The mortality rate for those whose eating patterns conformed most closely to each of these indexes was significantly lower than it was for those whose eating patterns conformed least closely. Since the subjects were American, it is safe to assume that the men and women who had the lowest scores on these indexes tended to eat the typical American diet. According to this study, the people whose eating habits fell furthest outside official recommendations were up to 28 percent more likely to die of cancer or heart disease between the ages of 62 and 77 than were those who ate according to mainstream dietary guidelines.
Despite such evidence, Paleo and HFLC diet advocates continue to conflate mainstream dietary recommendations with the typical American diet. They do this most insidiously with their use of the term “standard American diet” (or SAD—get it?) to refer to both the way the average American eats and the way mainstream nutrition scientists advise people to eat.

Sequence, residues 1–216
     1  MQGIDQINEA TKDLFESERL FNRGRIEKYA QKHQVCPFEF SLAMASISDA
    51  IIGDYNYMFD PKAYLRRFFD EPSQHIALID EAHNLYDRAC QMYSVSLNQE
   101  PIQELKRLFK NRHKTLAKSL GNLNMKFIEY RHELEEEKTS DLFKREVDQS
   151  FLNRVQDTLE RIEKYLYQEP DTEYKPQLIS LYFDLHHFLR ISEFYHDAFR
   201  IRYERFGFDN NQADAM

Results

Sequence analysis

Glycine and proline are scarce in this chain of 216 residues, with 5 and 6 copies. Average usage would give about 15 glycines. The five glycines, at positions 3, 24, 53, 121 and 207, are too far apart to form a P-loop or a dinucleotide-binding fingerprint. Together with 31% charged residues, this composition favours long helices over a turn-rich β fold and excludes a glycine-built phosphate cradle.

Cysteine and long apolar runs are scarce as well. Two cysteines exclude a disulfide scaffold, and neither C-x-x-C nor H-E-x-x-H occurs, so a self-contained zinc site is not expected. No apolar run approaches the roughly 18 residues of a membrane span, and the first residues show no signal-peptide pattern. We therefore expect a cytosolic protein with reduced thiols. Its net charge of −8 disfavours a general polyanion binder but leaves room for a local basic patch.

Consider these sentences from “Paleo Runner” Aaron Olsen’s review of my book, Diet Cults: “Considering the fact 2/3 of Americans are either overweight or obese, I fail to see how mainstream recommendations such as the SAD should be used as a template for an optimal eating strategy. The reason diet fads are so popular in the first place is because the SAD has failed us so miserably.”
Here we have an egregious misrepresentation of the “agnostic healthy eating” guidelines I present in the book, which are based on mainstream nutrition science, not on what the average American eats. But is this misrepresentation deliberate or merely a consequence of the reviewer’s own prior brainwashing? I won’t hazard a guess, but it is evident that some high priests of the Paleo and high-fat/low-carb diets choose to conflate mainstream dietary guidelines with the standard American diet despite knowing full well that the two are worlds apart. In so doing they betray not only a startling lack of intellectual integrity but also a troubling assumption about the intelligence of the eating public.
Here, in essence, is what these folks expect you to believe: that if a typical American eater, who spends $1,200 annually on fast food, were to hire a registered dietitian to help him get healthier, the R.D. would make no changes to her client’s diet.
For the record, I don’t think you’re that stupid.